A Marie Kondo Swap: Turn Your Decluttering into a Party

published May 28, 2015
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(Image credit: Shay Spaniola)

Chances are, you’ve heard of Marie Kondo by now. Her book The Life-Changing Magic of Tidying Up, seems to be everywhere these days. If you haven’t heard of Kondo’s philosophy, in a nutshell, it promotes cleansing your life of all the things that don’t give you joy. In the spirit of spring cleaning, my friends and I recently had a Marie Kondo party to collectively motivate ourselves to clean out, tidy up, and share some joy.

(Image credit: Carolyn Purnell)

Here’s the basic gist of the party: After we all read the book and cleaned out our closets, I hosted a casual dinner party. My friends brought bags of all the items they no longer wanted—we limited it mostly to clothes and books, for simplicity’s sake—to my house. After dinner, we laid everything out on my living room furniture, and we exchanged items. Everything that remained, I donated to charity a few days later.

I’ll get into some details, with tips, recipes, and music below, but even if you don’t want to host a dinner or base your party around Kondo’s book, here are several reasons why I think a spring-cleaning swap party is a good idea. For starters, it’s way easier to motivate yourself to clean out your closets when you have a deadline. Getting started is half the battle, and this gave me a goal to work toward.

Secondly, it also gave me a reward to look forward to at the end of all the hard work. Getting to see my friends and getting to hear about how they fared with their clean-out was well worth the annoying hours of sorting through my stuff.

Third, it’s really fun to go through other people’s stuff. On the one hand, it’s like free shopping, and I’m happy to report that I have friends with some good taste. But on the other hand, even if you don’t come away with anything new, there can be definite joys. For example, one friend brought an odd velvet capelet that she couldn’t, for the life of her, remember buying. We had a ton of fun parading around in the cape, taking silly photos of each other, and acting like goofballs.

And finally, group motivation is a powerful thing. You don’t want to be the only person to show up empty-handed. So if you really feel like you need to clean out your closets, then make yourself accountable to a group.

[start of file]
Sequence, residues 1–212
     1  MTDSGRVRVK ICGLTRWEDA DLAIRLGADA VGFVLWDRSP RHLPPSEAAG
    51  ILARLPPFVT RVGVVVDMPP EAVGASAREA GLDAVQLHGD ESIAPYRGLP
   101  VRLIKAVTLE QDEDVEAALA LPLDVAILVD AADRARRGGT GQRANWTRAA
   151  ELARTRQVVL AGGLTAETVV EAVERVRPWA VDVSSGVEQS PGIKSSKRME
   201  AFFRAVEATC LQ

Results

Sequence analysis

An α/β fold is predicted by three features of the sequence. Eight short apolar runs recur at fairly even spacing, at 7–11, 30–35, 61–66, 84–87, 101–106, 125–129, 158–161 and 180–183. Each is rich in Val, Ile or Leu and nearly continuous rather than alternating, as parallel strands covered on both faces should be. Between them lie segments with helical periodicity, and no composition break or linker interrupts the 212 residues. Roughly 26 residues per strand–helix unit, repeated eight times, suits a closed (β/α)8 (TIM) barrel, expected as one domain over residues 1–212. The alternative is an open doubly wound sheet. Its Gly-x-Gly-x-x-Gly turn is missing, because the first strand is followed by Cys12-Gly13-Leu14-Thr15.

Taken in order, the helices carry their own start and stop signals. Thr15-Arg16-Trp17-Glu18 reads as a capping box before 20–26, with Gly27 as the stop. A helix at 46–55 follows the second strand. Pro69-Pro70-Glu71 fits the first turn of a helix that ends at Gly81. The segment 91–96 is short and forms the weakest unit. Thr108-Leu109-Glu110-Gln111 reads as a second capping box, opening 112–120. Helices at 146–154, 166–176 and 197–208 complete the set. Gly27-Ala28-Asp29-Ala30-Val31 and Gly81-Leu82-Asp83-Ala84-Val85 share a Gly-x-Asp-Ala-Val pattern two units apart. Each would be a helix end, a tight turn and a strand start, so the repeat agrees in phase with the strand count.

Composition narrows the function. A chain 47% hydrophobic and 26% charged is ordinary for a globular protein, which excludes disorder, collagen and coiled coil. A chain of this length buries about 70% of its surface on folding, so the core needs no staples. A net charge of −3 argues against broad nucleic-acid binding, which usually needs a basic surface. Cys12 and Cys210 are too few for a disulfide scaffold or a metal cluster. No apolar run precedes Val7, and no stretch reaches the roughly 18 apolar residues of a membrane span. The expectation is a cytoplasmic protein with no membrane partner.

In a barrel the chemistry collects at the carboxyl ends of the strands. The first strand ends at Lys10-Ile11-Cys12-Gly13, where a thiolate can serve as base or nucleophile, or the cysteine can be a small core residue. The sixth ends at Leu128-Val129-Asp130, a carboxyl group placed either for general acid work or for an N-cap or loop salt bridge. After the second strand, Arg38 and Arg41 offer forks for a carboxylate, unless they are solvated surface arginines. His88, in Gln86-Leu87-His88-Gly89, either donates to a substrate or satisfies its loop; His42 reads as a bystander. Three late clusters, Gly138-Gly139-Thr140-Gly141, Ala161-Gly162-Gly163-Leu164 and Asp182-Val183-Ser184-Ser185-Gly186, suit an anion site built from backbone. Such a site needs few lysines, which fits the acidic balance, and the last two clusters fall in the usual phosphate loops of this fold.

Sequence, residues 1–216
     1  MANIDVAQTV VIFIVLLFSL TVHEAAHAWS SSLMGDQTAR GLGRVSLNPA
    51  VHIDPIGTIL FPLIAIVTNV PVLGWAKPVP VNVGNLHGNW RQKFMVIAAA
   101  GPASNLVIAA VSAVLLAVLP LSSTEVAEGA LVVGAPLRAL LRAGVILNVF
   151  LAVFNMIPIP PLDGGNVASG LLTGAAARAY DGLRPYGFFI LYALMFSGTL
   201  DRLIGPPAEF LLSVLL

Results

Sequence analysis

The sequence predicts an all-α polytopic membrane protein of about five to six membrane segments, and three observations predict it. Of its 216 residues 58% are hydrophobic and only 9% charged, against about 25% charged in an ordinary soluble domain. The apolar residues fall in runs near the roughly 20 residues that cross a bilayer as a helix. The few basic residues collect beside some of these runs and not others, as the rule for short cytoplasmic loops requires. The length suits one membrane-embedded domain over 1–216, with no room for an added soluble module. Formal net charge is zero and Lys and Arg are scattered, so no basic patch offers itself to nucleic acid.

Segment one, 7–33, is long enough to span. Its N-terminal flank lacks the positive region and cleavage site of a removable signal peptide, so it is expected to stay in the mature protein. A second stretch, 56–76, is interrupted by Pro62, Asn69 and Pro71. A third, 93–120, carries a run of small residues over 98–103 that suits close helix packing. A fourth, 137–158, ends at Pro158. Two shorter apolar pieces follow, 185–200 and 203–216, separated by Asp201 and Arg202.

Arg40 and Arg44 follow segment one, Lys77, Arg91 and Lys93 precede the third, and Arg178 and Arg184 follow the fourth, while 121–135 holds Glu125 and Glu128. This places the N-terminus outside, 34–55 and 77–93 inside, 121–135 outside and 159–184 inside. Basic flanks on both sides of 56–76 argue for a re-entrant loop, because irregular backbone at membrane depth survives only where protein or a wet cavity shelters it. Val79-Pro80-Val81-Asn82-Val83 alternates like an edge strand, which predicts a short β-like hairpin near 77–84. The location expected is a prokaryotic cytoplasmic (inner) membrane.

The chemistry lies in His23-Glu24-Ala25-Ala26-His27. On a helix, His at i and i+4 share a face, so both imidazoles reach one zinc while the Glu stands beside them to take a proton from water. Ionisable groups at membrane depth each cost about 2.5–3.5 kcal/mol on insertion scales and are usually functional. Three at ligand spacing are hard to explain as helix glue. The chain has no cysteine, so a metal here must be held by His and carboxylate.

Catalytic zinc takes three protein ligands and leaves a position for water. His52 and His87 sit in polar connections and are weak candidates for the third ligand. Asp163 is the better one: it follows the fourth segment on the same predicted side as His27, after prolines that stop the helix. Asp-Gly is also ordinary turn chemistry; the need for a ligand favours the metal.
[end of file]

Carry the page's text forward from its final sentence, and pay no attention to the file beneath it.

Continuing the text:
One thing I did notice, given our Marie Kondo theme, was that people took very few items. My book club hosted a swap like this several years ago, and we took stuff right-and-left. This time, I noticed that the choices were more considered, and we tended to focus on how we really felt about our new items instead of the fact that they were free.

Now, on to the party!

A few days before I hosted, I read this article on The Kitchn about things a host should do before a gathering. It gave me some basic rules of thumb to consider before I got started.

Since the book was all about simplicity, I aimed to make this gathering as low-maintenance as possible. The table setting was simple: a few candles, set on a placemat to prevent dripping, and wine-glasses and dishes at-the-ready.

(Image credit: Carolyn Purnell)

Appetizers consisted of meats and cheeses, and dinner was a basic, but hearty vegetable soup. The recipe that I used was one that my mom gave me a long time ago. It’s a recipe that came from the “Fat Flush” diet, but even as a person who doesn’t believe in diets, I can say that this soup is easy, delicious, and satisfying. Dessert, which I made the day before, were these yummy Greek yogurt chocolate panna cottas from As Easy As Apple Pie.

(Image credit: As Easy As Apple Pie)

For dinner and the exchange, I made a Spotify playlist featuring music that was positive and chill, without erring on either the depressing or too-upbeat side. I’ve found that it’s also a good playlist for work, and if you’re interested, you can check it out here.

I made sure in advance that the living room surfaces were free and clear, so we’d have plenty of room for our exchange. I turned the bathroom into an impromptu dressing room by hanging a simple sign, lighting a candle, and reminding people that it was there for them to use.

A helpful tip to remember: have a designated area for people’s personal items that aren’t being donated. If they aren’t kept separate, it would be all-too-easy to get a desired purse or coat thrown into the mix. Also, I found it useful to give people grocery bags labeled in permanent marker. That way, they could put the items they had selected into the bags, without having random piles strewn about the living room. This way, there was no need to constantly ask, “Is this anyone’s stuff?”

There were about 8 of us, which seemed to be a manageable size. There was enough stuff to make it interesting, but people and items weren’t jam-packed.

The day after the swap, I re-bagged all the leftover clothes and dropped them at a clothing donation site that’s near my house. The books, which were pretty picked over, went to a Little Free Library site down the street. One thing I’ve done before, which would have worked well if we had more stuff, is to contact a charity donation pick-up service. They will schedule a pick-up time and date, and all you have to do is leave the donation bags on the porch. It’s the easiest way to donate, and there are a number of good causes from which to choose.

Have you ever hosted a spring cleaning clothing swap? And if so, do you have any suggestions to add?

Re-edited from a post originally published 5.28.15-NT